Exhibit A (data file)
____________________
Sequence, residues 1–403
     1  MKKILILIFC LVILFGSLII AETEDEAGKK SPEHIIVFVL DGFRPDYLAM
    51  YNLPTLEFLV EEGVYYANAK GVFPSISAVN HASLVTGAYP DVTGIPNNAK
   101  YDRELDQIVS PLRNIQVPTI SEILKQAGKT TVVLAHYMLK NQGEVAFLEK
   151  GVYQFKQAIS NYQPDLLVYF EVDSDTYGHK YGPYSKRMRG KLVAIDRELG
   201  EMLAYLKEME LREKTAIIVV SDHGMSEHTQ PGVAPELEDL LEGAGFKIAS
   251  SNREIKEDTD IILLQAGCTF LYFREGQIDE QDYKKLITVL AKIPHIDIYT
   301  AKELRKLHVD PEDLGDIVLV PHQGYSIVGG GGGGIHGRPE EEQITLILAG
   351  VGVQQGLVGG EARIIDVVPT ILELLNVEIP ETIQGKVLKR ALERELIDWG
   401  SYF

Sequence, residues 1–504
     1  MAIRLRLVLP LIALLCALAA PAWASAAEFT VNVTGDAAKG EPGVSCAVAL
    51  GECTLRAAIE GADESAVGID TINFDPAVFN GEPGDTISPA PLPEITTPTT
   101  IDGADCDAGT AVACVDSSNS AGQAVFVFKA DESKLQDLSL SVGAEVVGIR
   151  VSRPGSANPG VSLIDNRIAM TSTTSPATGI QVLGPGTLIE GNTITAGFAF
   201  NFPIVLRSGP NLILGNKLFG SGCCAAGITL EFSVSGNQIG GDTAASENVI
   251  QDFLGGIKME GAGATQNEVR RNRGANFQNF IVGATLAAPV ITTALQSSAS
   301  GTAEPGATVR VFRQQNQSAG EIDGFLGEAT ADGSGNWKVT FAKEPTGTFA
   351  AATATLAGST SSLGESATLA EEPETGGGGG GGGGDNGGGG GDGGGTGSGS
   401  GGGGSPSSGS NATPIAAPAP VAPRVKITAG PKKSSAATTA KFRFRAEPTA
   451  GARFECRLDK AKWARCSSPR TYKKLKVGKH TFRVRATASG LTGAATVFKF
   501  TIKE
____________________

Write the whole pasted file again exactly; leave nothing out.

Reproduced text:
Sequence, residues 1–403
     1  MKKILILIFC LVILFGSLII AETEDEAGKK SPEHIIVFVL DGFRPDYLAM
    51  YNLPTLEFLV EEGVYYANAK GVFPSISAVN HASLVTGAYP DVTGIPNNAK
   101  YDRELDQIVS PLRNIQVPTI SEILKQAGKT TVVLAHYMLK NQGEVAFLEK
   151  GVYQFKQAIS NYQPDLLVYF EVDSDTYGHK YGPYSKRMRG KLVAIDRELG
   201  EMLAYLKEME LREKTAIIVV SDHGMSEHTQ PGVAPELEDL LEGAGFKIAS
   251  SNREIKEDTD IILLQAGCTF LYFREGQIDE QDYKKLITVL AKIPHIDIYT
   301  AKELRKLHVD PEDLGDIVLV PHQGYSIVGG GGGGIHGRPE EEQITLILAG
   351  VGVQQGLVGG EARIIDVVPT ILELLNVEIP ETIQGKVLKR ALERELIDWG
   401  SYF

Sequence, residues 1–504
     1  MAIRLRLVLP LIALLCALAA PAWASAAEFT VNVTGDAAKG EPGVSCAVAL
    51  GECTLRAAIE GADESAVGID TINFDPAVFN GEPGDTISPA PLPEITTPTT
   101  IDGADCDAGT AVACVDSSNS AGQAVFVFKA DESKLQDLSL SVGAEVVGIR
   151  VSRPGSANPG VSLIDNRIAM TSTTSPATGI QVLGPGTLIE GNTITAGFAF
   201  NFPIVLRSGP NLILGNKLFG SGCCAAGITL EFSVSGNQIG GDTAASENVI
   251  QDFLGGIKME GAGATQNEVR RNRGANFQNF IVGATLAAPV ITTALQSSAS
   301  GTAEPGATVR VFRQQNQSAG EIDGFLGEAT ADGSGNWKVT FAKEPTGTFA
   351  AATATLAGST SSLGESATLA EEPETGGGGG GGGGDNGGGG GDGGGTGSGS
   401  GGGGSPSSGS NATPIAAPAP VAPRVKITAG PKKSSAATTA KFRFRAEPTA
   451  GARFECRLDK AKWARCSSPR TYKKLKVGKH TFRVRATASG LTGAATVFKF
   501  TIKE